SUBMIT YOUR SITE FOR PEER REVIEW
The first step to getting a scholarly site ready for evaluation is for the project leader(s) or editor(s) to fill out an return the application for peer review to 18thConnectDirector@gmail.com. This document requests information about your project’s structure and technical dependencies, as well as its mission and plans for the future. If you have any trouble answering the questions on the form, please contact us for further clarification and discussion. The information that you submit in this document serves as an introduction to the project for the Editorial Board and reviewers, helping them to understand its goals and purview.
Once the reviewers have sent in their reports, the Director will contact the project leader(s) with a summary of their findings. If accepted, the Director will include in her letter information relevant to promotion and tenure committees. It is then that the staff will begin the process of technical integration (aggregation) of that site into 18thConnect. Once aggregated in 18thConnect, the project is made more findable online as well as being brought into conversation with numerous other projects vetted and included in the 18thConnect search index, allowing for more interesting connections to be drawn between them.
RDF is the metadata format that contributors use to make their resources available for use within 18thConnect. With RDF, contributors describe each of their resources in general terms that allow those resources to be categorized and searched through COLLEX.
On this page, contributors can find basic information about RDF files. For technical specifications and links to sample RDF submissions and sample XSL transformations (used to turn XML resources into RDF) see our wiki.
Resource Description Framework, or RDF, is the descriptive data which NINES uses in COLLEX; through the metadata contained by the RDF, COLLEX makes peer reviewed resources findable, interconnected, and ready for repurposing.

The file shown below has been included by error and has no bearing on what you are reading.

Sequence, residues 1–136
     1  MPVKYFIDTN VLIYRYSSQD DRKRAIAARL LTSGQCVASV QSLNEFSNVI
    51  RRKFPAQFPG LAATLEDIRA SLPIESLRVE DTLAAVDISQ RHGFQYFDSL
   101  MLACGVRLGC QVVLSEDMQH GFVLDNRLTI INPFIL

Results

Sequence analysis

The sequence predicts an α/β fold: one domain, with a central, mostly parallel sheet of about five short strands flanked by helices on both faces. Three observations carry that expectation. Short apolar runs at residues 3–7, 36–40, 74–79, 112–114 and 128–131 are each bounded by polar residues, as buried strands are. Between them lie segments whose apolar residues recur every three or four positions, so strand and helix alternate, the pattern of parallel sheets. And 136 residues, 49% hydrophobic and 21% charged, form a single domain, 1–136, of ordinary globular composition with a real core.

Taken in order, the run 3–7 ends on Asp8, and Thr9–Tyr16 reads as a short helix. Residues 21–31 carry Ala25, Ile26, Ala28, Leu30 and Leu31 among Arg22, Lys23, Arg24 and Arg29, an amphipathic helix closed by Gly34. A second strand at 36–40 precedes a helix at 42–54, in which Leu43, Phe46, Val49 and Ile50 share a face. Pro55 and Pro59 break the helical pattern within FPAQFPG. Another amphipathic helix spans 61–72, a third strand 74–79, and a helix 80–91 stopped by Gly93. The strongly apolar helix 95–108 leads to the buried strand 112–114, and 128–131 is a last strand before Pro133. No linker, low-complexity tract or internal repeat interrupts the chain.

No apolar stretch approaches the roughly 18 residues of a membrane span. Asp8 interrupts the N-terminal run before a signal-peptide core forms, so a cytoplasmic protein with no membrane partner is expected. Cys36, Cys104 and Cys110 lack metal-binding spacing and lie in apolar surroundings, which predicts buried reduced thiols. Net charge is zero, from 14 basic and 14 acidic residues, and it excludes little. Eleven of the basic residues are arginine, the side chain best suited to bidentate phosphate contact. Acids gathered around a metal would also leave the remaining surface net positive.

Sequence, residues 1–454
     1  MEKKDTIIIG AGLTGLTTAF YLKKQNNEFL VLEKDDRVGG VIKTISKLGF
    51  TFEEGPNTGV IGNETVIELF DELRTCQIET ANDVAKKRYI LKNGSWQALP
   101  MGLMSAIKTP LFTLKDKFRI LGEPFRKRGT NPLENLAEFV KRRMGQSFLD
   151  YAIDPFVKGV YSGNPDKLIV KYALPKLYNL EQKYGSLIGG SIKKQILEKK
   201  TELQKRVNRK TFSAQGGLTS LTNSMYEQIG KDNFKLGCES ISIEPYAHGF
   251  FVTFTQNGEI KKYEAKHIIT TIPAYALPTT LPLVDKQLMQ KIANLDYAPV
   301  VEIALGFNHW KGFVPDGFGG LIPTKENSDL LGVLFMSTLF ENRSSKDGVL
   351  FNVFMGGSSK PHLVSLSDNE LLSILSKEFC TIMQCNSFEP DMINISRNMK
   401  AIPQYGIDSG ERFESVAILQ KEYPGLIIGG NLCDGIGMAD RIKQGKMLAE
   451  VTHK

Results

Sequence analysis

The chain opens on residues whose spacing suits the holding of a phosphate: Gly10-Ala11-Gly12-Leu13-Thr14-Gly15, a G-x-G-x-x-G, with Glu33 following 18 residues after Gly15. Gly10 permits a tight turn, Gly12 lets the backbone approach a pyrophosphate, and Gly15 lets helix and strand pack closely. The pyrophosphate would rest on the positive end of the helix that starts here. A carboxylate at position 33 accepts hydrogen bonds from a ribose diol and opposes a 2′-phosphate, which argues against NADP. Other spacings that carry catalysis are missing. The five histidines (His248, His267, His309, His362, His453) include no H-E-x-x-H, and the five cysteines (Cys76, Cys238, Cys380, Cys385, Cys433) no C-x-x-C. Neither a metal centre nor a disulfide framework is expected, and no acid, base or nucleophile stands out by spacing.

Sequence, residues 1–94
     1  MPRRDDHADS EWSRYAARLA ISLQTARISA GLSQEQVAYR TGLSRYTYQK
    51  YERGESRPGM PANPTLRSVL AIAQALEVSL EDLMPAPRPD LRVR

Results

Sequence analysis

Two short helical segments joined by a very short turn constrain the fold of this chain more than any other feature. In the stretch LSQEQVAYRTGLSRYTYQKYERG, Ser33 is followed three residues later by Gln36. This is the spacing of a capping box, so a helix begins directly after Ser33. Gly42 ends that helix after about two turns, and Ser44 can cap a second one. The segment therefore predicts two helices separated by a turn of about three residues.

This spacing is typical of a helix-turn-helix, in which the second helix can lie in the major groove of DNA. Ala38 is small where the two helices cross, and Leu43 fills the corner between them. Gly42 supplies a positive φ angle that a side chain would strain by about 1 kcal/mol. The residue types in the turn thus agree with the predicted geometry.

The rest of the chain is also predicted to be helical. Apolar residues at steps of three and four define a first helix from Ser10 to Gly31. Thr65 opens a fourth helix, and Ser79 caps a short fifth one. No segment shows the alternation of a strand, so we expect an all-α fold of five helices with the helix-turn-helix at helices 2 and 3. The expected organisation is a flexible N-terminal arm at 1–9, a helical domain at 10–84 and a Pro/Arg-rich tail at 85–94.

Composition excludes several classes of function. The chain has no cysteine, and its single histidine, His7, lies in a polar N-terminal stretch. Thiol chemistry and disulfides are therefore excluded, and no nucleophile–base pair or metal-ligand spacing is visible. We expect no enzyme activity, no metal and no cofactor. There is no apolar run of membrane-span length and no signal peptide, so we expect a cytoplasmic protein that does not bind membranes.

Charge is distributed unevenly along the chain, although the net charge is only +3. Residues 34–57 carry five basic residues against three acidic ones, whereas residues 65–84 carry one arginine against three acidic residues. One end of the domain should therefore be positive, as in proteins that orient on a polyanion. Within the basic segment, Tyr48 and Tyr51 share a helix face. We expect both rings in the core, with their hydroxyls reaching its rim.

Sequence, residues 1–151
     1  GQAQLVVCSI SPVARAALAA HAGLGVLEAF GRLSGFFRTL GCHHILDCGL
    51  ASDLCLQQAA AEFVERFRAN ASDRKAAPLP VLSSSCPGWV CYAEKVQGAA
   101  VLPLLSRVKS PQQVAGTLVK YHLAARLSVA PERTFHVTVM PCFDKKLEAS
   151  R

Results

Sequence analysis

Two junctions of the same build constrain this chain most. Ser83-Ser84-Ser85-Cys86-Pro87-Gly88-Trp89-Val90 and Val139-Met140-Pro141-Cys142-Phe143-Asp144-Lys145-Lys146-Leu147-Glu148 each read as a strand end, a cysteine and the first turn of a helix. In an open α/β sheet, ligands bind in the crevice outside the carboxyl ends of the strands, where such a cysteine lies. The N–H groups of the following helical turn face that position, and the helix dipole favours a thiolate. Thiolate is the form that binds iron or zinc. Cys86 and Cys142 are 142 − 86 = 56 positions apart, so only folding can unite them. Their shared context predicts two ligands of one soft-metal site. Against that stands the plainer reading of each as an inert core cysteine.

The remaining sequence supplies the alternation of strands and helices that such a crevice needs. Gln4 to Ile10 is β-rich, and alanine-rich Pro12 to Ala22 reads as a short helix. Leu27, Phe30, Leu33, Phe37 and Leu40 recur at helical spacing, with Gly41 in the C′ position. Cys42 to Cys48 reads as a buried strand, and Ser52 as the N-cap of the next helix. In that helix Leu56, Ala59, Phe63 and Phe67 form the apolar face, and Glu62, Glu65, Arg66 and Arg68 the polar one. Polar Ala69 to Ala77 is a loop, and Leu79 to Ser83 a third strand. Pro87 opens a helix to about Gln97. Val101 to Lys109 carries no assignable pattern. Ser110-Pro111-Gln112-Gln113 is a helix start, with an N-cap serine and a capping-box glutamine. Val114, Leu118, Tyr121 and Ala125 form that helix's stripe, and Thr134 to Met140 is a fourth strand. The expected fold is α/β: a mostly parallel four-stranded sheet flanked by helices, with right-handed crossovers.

RDF is an XML metadata model used for describing resources as part of the Semantic Web. 18thConnect contributors identify the basic features of their digital objects, such as the title, creator, publisher, date of composition, genre, even a list of the component objects that make a greater whole. The NINES metadata scheme leverages some preexisting schemes, such as Dublin Core and Library of Congress Relator Terms.
In thinking about the RDF creation process, contributors should first decide on how to define objectsin their resources. The RDF metadata scheme is predicated on the description of objects, but what comprises an object is left to the discretion of the contributor. Contributors would be best to think of defining their objects as the units that contributors wish to make browseable, collectible, and available for repurposing.
For example, a transcription of a novel would have an object for the unit of “the novel.” But a contributor could also decide that the chapters which constitute that novel might also be interesting to collect on their own; the contributor would then make RDF objects for each chapter unit as well. One could easily imagine a poetry anthology receiving a similar distillation of its many layers: one RDF object for the anthology as a whole; one object for each author; one object for each poem; one object for each figure; even objects for the scholarly commentary or introductions. Another contributor could treat a similar anthology in a totally dissimilar way, viewing the bibliographic page as the elementary unit instead of the logical divisions. While contributors are free to create whatever granularity or type of objectification they would like, their reason should be guided by a sensible judgment of what other scholars will find useful for collection and annotation. A large book rendered as a monolithic object won’t help to reveal the rich resources of its individual chapters, essays, poems, or pictures. Likewise, a poetry anthology atomized into single lines of verse would have little use for collection and prove a nightmare for browsing.
18thConnect is an aggregator of digital resources, bringing together disparate projects into a common arena. This means that 18thConnect does not host the material for any given site, but rather indexes metadata (RDF) contributed by those sites. There are many varieties of structured data, from XML databases to texts encoded according to standards of Text Encoding Initiave (TEI), and RDF allows 18thConnect to bring them all in communication with each other. However, this situation requires that contributors maintain contact with the staff at 18thConnect, and alert us to any major updates or changes in site structure. It is important that 18thConnect be able to present an up-to-date version of each project, and assure internal stability so that users may collect, annotate and work with digital objects to the fullest extent possible in Collex.